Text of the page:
Which of the 4 ways to call super() in Python 3 to use?

Let’s use the following classes for demonstration: class A(object): def m(self): print(‘m’) class B(A): pass Unbound super object doesn’t dispatch attribute access to class, you have to use descriptor protocol: >>> super(B).m Traceback (most recent call last): File “<stdin>”, line 1, in <module> AttributeError: ‘super’ object has no attribute ‘m’ >>> super(B).__get__(B(), B) <super: <class … Read more

Python super method and calling alternatives

Consider the following situation: class A(object): def __init__(self): print(‘Running A.__init__’) super(A,self).__init__() class B(A): def __init__(self): print(‘Running B.__init__’) # super(B,self).__init__() A.__init__(self) class C(A): def __init__(self): print(‘Running C.__init__’) super(C,self).__init__() class D(B,C): def __init__(self): print(‘Running D.__init__’) super(D,self).__init__() foo=D() So the classes form a so-called inheritance diamond: A / \ B C \ / D Running the code yields … Read more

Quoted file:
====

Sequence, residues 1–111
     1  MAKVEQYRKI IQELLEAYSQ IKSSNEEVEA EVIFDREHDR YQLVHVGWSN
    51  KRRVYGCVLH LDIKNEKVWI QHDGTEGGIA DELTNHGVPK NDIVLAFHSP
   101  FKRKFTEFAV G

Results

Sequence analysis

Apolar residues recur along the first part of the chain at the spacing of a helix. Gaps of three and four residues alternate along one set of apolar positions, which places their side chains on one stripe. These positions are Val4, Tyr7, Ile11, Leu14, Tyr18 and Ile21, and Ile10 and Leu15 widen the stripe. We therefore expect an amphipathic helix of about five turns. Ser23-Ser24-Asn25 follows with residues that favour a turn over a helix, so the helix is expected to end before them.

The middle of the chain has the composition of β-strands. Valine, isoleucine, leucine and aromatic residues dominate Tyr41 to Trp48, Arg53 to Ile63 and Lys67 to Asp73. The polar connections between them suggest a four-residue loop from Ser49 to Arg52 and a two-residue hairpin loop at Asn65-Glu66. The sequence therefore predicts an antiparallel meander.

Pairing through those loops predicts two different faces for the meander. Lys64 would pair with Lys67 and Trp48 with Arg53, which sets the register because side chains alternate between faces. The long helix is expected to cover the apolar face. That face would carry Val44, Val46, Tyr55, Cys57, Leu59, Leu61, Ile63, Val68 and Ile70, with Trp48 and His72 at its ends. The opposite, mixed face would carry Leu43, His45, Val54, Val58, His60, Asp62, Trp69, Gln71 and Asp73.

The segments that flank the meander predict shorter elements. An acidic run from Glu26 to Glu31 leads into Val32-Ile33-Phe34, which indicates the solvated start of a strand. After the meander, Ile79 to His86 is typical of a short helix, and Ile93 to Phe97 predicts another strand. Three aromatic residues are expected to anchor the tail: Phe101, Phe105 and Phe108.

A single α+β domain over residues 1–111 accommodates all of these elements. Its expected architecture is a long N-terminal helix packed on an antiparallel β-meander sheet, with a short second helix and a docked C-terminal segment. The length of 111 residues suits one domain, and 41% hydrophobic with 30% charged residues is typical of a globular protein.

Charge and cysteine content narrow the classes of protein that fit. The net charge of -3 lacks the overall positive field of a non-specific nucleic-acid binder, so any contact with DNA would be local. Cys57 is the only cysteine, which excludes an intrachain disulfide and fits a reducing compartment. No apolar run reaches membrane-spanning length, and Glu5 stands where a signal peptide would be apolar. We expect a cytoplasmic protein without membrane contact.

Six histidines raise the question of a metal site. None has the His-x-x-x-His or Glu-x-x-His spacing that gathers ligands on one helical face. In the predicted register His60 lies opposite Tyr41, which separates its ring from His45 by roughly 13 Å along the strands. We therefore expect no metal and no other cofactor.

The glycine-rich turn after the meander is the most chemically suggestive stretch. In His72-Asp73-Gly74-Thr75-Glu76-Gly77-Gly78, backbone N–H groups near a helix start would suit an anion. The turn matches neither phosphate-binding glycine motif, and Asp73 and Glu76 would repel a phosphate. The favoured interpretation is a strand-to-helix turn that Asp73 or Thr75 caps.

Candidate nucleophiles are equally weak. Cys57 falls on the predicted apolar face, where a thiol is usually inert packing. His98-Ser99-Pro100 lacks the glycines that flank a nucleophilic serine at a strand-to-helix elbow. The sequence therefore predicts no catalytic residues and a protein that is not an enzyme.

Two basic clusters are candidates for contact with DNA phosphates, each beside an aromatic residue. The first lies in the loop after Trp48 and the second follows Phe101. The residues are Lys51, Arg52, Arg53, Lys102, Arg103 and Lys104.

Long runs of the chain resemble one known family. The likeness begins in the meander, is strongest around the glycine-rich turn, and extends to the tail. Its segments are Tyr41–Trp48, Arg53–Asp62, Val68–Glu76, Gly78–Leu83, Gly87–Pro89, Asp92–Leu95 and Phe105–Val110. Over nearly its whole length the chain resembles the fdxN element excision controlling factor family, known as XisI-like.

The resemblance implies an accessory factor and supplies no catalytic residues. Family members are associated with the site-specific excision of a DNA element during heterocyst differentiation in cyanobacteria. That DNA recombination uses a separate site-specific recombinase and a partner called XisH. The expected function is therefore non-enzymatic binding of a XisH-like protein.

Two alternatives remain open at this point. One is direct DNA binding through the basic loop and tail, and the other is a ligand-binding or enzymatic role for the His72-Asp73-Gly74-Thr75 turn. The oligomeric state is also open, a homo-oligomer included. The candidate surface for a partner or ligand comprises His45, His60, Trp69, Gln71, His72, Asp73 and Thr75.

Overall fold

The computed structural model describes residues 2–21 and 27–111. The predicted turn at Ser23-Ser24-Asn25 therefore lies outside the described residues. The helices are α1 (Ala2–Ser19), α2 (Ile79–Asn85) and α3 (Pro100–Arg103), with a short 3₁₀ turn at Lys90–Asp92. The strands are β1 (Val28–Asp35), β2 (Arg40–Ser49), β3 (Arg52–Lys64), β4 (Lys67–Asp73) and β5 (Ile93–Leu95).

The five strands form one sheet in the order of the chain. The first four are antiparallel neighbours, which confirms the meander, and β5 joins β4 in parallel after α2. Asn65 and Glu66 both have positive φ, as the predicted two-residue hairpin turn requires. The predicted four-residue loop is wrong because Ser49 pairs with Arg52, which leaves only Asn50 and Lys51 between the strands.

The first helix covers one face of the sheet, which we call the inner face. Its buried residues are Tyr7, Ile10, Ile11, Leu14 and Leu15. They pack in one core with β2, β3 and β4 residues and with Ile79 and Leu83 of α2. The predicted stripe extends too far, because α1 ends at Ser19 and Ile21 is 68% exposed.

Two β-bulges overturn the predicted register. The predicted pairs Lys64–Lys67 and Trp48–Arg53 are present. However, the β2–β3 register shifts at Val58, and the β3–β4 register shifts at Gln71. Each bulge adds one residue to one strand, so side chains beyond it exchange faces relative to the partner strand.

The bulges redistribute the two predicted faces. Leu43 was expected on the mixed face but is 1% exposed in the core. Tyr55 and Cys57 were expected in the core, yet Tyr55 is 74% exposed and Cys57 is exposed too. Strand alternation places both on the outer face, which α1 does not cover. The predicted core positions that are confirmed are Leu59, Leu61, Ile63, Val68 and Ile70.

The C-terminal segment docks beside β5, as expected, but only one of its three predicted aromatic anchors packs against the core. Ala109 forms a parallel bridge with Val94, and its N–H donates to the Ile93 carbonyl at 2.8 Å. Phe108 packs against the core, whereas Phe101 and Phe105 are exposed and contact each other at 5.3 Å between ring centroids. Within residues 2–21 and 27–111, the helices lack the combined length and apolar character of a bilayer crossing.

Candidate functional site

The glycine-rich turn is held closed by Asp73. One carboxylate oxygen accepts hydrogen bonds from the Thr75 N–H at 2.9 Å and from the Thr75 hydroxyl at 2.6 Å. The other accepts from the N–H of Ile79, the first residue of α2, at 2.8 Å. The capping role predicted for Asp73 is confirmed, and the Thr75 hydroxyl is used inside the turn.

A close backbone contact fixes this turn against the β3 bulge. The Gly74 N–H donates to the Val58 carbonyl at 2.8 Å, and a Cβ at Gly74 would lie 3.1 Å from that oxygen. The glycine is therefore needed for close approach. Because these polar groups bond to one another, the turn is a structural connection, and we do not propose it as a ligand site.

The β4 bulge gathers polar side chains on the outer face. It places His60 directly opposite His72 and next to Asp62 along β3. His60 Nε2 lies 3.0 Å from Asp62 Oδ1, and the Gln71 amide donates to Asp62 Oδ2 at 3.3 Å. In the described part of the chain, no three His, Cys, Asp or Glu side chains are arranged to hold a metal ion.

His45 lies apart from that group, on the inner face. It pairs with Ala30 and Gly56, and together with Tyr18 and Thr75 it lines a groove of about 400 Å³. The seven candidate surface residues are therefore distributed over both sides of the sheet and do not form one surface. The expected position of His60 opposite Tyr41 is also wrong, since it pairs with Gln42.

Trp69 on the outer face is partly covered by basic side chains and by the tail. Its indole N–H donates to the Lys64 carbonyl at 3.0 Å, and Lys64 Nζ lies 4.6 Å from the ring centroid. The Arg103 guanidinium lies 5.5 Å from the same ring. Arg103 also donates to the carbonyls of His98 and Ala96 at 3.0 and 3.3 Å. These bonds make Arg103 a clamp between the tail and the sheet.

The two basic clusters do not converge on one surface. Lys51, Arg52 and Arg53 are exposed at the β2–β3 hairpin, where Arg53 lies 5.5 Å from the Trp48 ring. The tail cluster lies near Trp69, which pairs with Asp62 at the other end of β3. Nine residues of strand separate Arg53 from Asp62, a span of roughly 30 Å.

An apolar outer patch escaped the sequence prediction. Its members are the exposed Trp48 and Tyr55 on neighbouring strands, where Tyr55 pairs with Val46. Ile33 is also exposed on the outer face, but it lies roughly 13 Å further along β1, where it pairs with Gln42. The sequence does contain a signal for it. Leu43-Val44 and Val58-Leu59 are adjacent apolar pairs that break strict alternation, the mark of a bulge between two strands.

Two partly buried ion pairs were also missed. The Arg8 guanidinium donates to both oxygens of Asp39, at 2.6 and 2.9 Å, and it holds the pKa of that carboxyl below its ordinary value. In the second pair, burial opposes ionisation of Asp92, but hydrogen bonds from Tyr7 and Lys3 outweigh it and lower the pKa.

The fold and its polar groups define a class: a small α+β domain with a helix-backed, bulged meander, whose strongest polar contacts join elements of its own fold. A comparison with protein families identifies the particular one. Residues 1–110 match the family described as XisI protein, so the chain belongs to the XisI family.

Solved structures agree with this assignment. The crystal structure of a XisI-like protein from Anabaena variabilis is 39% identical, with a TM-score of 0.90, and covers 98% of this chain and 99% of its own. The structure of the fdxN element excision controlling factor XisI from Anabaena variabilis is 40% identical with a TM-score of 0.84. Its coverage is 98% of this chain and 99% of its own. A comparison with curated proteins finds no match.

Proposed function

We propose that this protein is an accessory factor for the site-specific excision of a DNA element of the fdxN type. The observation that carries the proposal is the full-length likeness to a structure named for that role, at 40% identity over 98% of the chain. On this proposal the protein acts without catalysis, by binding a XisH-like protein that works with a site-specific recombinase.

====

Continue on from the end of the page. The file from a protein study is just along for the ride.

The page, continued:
Java: Calling a super method which calls an overridden method

The keyword super doesn’t “stick”. Every method call is handled individually, so even if you got to SuperClass.method1() by calling super, that doesn’t influence any other method call that you might make in the future. That means there is no direct way to call SuperClass.method2() from SuperClass.method1() without going though SubClass.method2() unless you’re working with … Read more